HUO: The second public temporary sculpture was The Iron Curtain – Wall of Barrels, Rue Visconti, Paris. You worked for eight hours on the evening of 27 June 1962 in order to block this road with a wall of 89 barrels. It was an ‘art barricade’.
CHRISTO: At that moment, Paris was full of violence. There was the Algerian War of Independence, and there were barricades that were stopping people in the streets. There was violence and killings, and in 1961 there was a massacre at an Algerian demonstration.
HUO: Did you stop the traffic on Rue Visconti?
CHRISTO: Yes. The traffic stopped in the street. We asked for official permission but it was denied. I finally did it illegally. The police arrived and asked us to remove it, which we did.
HUO: You just did it, so you took an enormous risk.
CHRISTO: Yes, I take risks all the time. I also built Running Fence at the Pacific Ocean illegally. Journalists, especially in America, have a sacred image of everything legal and when I say that I escaped from a Communist country, they ask ‘Illegally?’, and I reply, ‘Yes, I bribed the customs officer to escape.’ ‘You really escaped illegally?’ I tell you, they are shocked I broke the law!
HUO: You and Jeanne-Claude moved to New York in 1964. Can you tell me about the wall of barrels you wanted to install at MoMA, the scale model of which will be in the exhibition? How did this proposal come about?
CHRISTO: We became close friends with Bill Rubin, a curator at MoMA. He was organising an exhibition called Dada, Surrealism and their Heritage for 1968 and he identified that there would be two weeks when the museum would be closed during the installation. This is when we proposed to build a wall of barrels on 53rd Street for one day. We started working on the permission in 1967 and made a scale model of 53rd Street and the entrance of the museum, but the project never came to fruition.
HUO: To return to the barrels, you had begun to stack them, not only to create walls but also three-dimensional forms. You made many different arrangements of the barrels, including for the Suez Canal. How did you arrive at the idea of The Mastaba?
CHRISTO: The first mastaba sculpture used 1,204 barrels; it was in 1968 at the Institute of Contemporary Art in Philadelphia, where I had a solo exhibition. The earliest urban civilisation, 8,000 years ago, was in Mesopotamia, now known as Iraq. It is thought that the first cities with streets and houses were built here. In front of these houses they built banks to sit, and that bank or bench is called a mastaba. It is defined by two vertical walls, two slanted walls and a flat top.
HUO: It’s a stone or earth bench made as part of the exterior of a house.
CHRISTO: Exactly. That is before the Egyptians used the same word to describe tombs, which is not the meaning I am interested in. Bedouin people know about the mastaba; it is still a term used in the Middle East, where I plan to build my largest mastaba sculpture. The form can be created by stacking barrels horizontally as the angles of the sloped sides naturally achieve 60 degrees. Dominique and John de Menil collected our works in America and suggested the idea of creating something in Texas. We proposed to build a mastaba between Houston and Galveston in 1969. We never succeeded with the Houston Mastaba, nor with a mastaba we tried to build in the parking lot of the Kröller-Müller Museum in Otterlo in the Netherlands in 1970. This was despite the support of the director Rudi Oxenaar and Martin Visser’s large donation of our works to the collection.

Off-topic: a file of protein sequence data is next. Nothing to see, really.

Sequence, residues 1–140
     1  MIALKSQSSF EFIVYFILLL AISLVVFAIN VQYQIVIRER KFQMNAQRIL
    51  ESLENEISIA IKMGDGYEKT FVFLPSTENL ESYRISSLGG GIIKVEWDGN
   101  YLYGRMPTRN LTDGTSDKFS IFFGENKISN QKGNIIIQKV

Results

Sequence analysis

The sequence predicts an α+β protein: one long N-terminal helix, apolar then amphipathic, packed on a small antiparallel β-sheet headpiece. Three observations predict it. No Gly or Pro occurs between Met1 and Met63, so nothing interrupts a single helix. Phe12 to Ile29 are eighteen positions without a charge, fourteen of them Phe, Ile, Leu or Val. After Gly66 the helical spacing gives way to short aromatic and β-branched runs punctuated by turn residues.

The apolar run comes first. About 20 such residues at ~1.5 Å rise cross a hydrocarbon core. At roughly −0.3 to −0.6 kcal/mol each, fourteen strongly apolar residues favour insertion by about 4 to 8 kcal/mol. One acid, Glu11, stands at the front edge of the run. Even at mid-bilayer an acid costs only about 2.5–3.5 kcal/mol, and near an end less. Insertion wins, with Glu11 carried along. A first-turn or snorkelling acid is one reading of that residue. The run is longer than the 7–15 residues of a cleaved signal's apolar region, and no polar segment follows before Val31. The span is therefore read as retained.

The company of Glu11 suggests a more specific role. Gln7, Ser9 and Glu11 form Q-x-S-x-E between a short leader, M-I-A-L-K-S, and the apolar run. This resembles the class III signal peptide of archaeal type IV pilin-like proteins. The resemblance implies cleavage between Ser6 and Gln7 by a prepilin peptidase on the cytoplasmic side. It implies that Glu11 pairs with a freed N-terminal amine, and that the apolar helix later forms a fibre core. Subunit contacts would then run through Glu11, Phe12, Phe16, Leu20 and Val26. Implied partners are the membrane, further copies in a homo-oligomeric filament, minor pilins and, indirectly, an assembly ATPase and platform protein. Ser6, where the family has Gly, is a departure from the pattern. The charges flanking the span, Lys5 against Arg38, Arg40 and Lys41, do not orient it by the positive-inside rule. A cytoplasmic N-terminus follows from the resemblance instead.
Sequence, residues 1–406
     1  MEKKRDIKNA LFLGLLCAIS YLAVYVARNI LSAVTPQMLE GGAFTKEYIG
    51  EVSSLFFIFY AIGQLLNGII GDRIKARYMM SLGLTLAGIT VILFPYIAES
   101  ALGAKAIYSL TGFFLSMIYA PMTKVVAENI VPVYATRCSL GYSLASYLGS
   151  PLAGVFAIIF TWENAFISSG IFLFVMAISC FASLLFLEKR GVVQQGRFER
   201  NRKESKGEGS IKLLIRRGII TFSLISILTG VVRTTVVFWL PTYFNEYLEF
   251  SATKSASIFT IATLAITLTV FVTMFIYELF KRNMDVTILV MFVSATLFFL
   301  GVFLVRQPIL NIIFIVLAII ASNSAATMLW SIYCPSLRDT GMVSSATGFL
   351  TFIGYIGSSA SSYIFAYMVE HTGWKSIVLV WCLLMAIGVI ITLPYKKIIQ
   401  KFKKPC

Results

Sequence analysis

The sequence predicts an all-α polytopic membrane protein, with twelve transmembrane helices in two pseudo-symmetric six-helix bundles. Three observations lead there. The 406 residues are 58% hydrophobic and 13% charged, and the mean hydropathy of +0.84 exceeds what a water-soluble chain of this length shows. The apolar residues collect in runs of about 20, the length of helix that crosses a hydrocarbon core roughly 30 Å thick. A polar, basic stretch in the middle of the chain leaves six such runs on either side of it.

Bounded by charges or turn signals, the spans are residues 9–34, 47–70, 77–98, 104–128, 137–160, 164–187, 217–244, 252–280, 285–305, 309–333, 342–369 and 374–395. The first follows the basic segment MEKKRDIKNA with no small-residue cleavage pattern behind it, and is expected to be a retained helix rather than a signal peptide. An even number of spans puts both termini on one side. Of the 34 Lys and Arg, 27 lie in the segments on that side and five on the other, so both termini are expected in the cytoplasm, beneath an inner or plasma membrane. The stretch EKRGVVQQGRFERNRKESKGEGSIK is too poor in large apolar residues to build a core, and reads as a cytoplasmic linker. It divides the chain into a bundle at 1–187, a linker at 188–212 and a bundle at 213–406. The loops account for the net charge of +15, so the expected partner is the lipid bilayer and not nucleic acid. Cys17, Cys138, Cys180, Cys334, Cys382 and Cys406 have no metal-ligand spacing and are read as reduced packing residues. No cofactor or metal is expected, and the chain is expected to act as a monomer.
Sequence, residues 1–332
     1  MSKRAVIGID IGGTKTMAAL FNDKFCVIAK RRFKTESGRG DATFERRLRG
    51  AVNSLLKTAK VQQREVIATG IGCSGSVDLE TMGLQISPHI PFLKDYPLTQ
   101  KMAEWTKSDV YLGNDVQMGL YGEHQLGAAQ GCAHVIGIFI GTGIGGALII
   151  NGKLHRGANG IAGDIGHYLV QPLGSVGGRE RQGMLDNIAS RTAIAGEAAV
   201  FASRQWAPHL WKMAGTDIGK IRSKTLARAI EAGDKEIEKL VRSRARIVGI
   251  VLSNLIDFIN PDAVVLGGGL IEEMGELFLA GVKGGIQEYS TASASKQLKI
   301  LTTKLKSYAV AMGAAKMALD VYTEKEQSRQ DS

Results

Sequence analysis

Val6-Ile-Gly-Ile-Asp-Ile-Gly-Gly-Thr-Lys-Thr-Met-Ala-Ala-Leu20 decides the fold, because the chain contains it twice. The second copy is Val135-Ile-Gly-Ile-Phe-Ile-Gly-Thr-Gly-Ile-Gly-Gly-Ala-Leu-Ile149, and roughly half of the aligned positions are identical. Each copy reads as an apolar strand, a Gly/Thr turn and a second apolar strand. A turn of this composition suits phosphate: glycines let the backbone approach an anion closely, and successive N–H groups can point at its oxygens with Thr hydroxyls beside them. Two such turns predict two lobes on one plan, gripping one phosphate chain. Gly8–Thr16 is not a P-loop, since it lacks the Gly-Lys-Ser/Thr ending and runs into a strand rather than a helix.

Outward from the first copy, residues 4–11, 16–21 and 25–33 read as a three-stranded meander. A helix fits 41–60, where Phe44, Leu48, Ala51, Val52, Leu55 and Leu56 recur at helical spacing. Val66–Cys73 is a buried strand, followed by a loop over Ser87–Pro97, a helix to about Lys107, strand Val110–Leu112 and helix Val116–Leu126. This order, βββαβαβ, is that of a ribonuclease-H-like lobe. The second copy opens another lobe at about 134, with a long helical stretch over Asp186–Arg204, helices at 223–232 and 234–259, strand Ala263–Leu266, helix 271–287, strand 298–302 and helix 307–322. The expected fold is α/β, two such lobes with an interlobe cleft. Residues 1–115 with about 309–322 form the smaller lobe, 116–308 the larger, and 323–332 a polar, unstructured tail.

HUO: After these unsuccessful attempts to place a mastaba in the landscape, the plans in Abu Dhabi increased greatly in scale and ambition. It’s interesting because you studied architecture; the mastaba is a form of architecture.
CHRISTO: Wrapped Reichstag and The Pont Neuf Wrapped are also both architectural structures. Much of art involves architecture. In 1977 I made the first drawings for The Mastaba for Abu Dhabi. We first visited this newly formed nation in 1979 on a trip organised by the French Foreign Office and we loved the landscape and knew that the structure would be huge.
HUO: When you look at the flat surfaces of The Mastaba for Abu Dhabi model, it’s similar to a digital pixilation, even though it was painted by hand. It was made many years before the digital age.
CHRISTO: I made the model of The Mastaba for Abu Dhabi in 1979 and it is exactly how we imagine the structure to be built. Many years later, in order to create a feasibility study on the project, we hired two architectural students who took two months to pinpoint the ten colours on the model. How many reds? How many yellows? How many blues? Each row and each barrel colour needed to be put in order, from left to right, like a pointillist painting.
HUO: The Mastaba is a composition on painting and colour. The colours in all your works fascinate me. In a way, it entered your sculptures very early on. Your first can and barrel works are characterised by discolouration and have a patina, which you have referred to as miserablism. The strength of colour is important; you have said that when you needed to perfectly control the composition of a sculpture that you chose new barrels, and in other cases you wanted to suggest time and fatigue, and then you selected old barrels. So, there is a difference between old and new barrels.